For university-level researchers and professors, is the salary higher in the medical fields than in other fields? I suppose attracting physicians to teach may be harder, because they can usually get high payments working as physicians. Where can I find data about this in Europe, Australia, Canada and US?
For the US, I would have thought the data would be in the AAUP report, but I cannot find any data that breaks salaries down by field.
There is also CUPA-HR. The free data set has a break down by field with "HEALTH PROFESSIONS AND RELATED PROGRAMS" as a field. I would assume that this includes medical doctors, but also nurses. There is also some free data about non-tenure track salaries including "Medicine, Medical Clinical Sciences, Graduate Medical Studies".
In summary, I think defining the "medicine area" and equating job duties and responsibilities is tough. There appears to be a large variation in salaries.
So the problem with this question is going to be one of comparing like with like. I have seen some grants that implicitly assume an MDs salary is higher than a PhD's salary when in the same R01-type grant application, but this usually also involves a comparison of senior vs. junior faculty, which is always tricky. Even comparing "tenured faculty" is hard, because tenure at many medical schools is a much, much more rare thing to have.
I'd say the following generalizations are probably defensible, assuming we are talking about academic medicine vs. "nearby" fields, or PhDs in academic medicine.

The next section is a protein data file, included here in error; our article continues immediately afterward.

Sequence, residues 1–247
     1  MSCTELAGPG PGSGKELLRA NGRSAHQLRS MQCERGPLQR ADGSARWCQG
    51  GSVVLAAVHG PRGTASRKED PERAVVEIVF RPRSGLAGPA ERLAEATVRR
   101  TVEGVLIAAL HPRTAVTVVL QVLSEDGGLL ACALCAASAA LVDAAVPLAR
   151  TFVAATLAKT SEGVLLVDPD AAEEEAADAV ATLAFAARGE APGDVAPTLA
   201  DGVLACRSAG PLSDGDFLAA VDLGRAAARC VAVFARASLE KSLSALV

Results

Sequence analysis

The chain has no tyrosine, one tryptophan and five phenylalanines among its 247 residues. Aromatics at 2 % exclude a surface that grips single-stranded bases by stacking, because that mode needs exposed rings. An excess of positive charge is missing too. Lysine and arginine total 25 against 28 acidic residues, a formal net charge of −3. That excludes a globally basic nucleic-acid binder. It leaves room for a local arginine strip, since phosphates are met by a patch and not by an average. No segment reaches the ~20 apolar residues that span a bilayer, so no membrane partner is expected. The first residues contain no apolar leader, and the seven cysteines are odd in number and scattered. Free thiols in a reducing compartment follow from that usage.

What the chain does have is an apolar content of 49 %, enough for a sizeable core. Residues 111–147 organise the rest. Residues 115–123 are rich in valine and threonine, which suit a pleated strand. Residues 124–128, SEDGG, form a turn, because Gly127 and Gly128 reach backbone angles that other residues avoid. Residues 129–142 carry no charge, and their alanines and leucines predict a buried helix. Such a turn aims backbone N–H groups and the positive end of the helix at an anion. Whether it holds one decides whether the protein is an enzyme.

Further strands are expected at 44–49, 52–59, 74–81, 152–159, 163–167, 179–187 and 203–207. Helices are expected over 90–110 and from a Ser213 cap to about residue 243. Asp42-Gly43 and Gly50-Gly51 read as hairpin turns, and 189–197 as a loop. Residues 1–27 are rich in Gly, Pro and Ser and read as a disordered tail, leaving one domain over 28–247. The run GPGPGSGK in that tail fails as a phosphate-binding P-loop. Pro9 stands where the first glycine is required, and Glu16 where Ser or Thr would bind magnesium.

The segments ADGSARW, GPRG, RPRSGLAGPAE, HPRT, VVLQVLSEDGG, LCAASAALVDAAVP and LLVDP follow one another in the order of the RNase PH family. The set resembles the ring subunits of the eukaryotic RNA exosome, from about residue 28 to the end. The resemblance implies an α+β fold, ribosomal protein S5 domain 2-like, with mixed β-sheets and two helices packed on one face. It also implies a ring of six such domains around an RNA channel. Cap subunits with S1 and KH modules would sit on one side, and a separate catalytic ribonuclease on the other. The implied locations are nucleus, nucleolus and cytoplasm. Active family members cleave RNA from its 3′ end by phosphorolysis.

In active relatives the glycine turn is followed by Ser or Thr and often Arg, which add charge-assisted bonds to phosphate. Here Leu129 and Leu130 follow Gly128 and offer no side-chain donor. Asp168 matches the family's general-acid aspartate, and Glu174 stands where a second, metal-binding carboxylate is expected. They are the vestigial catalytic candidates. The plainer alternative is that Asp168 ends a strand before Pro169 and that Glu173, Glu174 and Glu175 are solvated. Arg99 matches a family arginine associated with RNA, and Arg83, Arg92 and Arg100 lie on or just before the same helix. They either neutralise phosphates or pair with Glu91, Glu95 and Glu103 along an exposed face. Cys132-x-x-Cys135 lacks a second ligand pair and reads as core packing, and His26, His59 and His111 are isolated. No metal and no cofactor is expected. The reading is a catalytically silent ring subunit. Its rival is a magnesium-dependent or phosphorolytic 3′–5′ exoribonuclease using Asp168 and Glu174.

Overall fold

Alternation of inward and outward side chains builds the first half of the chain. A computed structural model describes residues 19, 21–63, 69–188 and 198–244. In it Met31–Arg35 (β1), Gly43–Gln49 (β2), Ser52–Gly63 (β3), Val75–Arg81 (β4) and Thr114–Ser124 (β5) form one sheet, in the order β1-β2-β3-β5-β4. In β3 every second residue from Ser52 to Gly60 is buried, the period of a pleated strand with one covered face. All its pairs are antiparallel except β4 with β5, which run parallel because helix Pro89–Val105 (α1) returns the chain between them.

- Hard money positions in research hospitals for doing research are vanishingly rare.
- MDs do have the option of making up for some "gaps" in funding with taking on more clinical duties whereas a PhD might have to take a salary hit, or cut back in other areas.
- Opportunities for clinical consulting, to pharma, device manufacturers, etc. are probably more available to clinicians.
You could mine some of the Collegiate Times public university salaries data, e.g.,
Obviously, you have to make apples-to-apples comparisons (full professor -vs- full professor, asst. professor -vs- assistant professor, etc.), and also realize that the State provides as little information as they have to by law, and there may be other hidden data that sway the results one way or another (for instance, you'll see full professors making $45000, but these might be half-year appointments, sabbatical years, etc.).